“The boundaries of life have many buffered, blurred areas,” explains the designer behind Wang Bo. “These zones have great elasticity. Here, sadness and joy, righteousness and evil, good or bad, have no absolute correctness.”
Life is different on the edges. In this series photographed by Zheng Danjuan, designs by Wang Bo cast model Jiang Yan as the comfortable outsider — always finding respite on the edges of society. Taking cues from architecture, psychology and more, Wang Bo’s works are complex, showcasing a deep knowledge of design that goes beyond simple craft. Through these frequently asymmetrical looks, Wang Bo is able to tell a deep and engaging story, all assisted by this series of photographs by Danjuan.
Schön! spoke with the designer behind Wang Bo for more information about these designs and the “boundary effect”.
What is your history as a designer?
I studied fashion design at the Beijing Institute of Fashion Technology in China for four years and majored in knitting design for the third and fourth year. Currently, I am studying in POLIMODA, Italy, for a postgraduate in fashion design.
Can you explain the “Boundary Effect” and how it relates to this collection?
“Border effect” is a social phenomenon that I have observed for a long time. Whether in restaurants, buses, trains, lounges, classrooms or elsewhere, people generally tend to choose the position by the window; in a large square, people like to sit on the flowerbeds around the square or the roots of the walls of surrounding buildings, only sitting around the square when the sides are full and people have to choose the centre. These usual unintentional choices and actions are affected by the “border effect.” The “boundary effect” was put forward by the psychologist Derk de Jonge, who believed that being in the boundary area can see everything around him clearly and expose himself less. I find this phenomenon very interesting, and I want to show it with the knowledge of fashion design that I have learned.
What else inspired this collection?
What inspired this series is an interesting space design, which was co-created by Steven Holl and artist Vito Acconci, in New York. This gallery is located at the corner of a block connecting three different blocks: Chinatown, Little Italy and SoHo. Because the space itself is limited, seeking to introduce improbability and to puncture the facade, Acconci and Holl broke this symbolic boundary — the wall. They inserted a series of hinged panels arranged in the shape of a puzzle. When the panel is locked in the open position, the border disappears, and the interior space of the gallery expands onto the sidewalk. This makes me think that the boundary is variable, and the boundary can generate many possibilities, which also leads to the concept of fluid space.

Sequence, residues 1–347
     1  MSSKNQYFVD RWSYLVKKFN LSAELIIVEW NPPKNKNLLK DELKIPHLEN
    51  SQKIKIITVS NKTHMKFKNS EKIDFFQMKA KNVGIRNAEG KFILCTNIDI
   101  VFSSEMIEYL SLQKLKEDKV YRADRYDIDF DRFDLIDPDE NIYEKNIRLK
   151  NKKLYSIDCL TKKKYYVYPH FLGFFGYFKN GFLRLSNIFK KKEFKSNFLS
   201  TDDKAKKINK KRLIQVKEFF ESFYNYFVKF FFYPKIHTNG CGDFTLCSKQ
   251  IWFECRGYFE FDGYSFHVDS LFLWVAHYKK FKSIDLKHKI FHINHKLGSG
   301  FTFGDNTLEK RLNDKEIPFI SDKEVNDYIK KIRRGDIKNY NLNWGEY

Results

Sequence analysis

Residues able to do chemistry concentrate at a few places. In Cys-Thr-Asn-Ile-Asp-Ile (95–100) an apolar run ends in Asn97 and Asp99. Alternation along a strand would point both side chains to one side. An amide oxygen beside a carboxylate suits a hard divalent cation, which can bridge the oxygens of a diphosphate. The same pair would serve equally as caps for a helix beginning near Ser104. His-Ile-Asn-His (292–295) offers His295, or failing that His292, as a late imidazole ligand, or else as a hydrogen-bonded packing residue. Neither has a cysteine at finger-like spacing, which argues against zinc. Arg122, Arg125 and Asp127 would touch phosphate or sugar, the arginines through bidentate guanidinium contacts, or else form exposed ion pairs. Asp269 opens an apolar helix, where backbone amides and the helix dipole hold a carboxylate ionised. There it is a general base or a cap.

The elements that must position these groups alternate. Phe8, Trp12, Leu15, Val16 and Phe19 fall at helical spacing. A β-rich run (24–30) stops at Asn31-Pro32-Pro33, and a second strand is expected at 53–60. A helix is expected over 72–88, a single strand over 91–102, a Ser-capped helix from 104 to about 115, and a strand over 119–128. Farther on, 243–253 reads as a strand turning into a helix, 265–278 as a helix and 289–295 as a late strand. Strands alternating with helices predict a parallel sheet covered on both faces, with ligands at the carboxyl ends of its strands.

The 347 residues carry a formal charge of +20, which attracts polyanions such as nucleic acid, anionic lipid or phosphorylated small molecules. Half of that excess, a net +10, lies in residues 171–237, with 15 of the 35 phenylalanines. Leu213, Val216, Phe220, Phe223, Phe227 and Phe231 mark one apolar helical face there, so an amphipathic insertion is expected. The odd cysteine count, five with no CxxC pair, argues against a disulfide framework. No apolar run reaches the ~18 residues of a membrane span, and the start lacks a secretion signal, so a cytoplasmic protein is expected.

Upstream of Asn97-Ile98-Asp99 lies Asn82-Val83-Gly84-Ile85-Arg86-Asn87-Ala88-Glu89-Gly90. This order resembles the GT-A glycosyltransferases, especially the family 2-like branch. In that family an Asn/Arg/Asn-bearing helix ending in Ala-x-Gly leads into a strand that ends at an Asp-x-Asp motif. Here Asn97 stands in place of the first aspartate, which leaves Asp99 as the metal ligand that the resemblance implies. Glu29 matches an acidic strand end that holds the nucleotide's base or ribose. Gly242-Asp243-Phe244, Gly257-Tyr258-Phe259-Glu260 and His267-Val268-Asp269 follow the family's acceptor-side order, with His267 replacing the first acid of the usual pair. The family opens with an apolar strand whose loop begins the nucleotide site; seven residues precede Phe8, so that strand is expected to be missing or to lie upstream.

You mentioned architecture in the background for this series. How did architecture influence this collection, and what did you do to make your designs “flow”?
To continue the above example, when I think of fluid space, I have investigated the work of many architects. I finally found that when the building is undulating, it is equivalent to setting up many boundaries. People prefer to stay in undulating places. They can sit, lean, lie down, and talk, and they will be more attractive than ordinary buildings. Therefore, I used the curved structure and combined the three-dimensional characteristics of the building and the boundary, to design a structural line with fluidity and 3D effect.
What emotion were you trying to capture with these photos? Why?
I want to express the sense of security when people are on the border. Safety is the basic need of human beings. When we are on the border, we can reduce the contact with others, which means that we reduce the possibility of conflict and satisfy the need for a sense of security to keep our distance from others.
How did you work with the photographer to capture that emotion?
I told the photographer the concept of the series. We believe that only simple and clean images can express the atmosphere of the boundary space. Because buildings and spaces are cold, only boundaries can provide a sense of security.
How have you seen your approach to design change since you started?
At the beginning of this series, it was not easy to find an entry point because the “boundary effect” is quite an abstract concept. During long-term research, I put the entry point on architectural design so as to step into the curve structure and fluid space. I think fashion design is a comprehensive subject. The acquisition of inspiration can be in any field. The most important thing is how to use your own methods to transform concepts into real objects. The unique perspective and the novelty brought by the curiosity eyes can also make the whole series full of tension.
What are your plans for the future?
I would like to stay and work in Europe for some years, learning the other brands’ design thinking and methods, accumulate more experience, then maybe go back to China to be a teacher.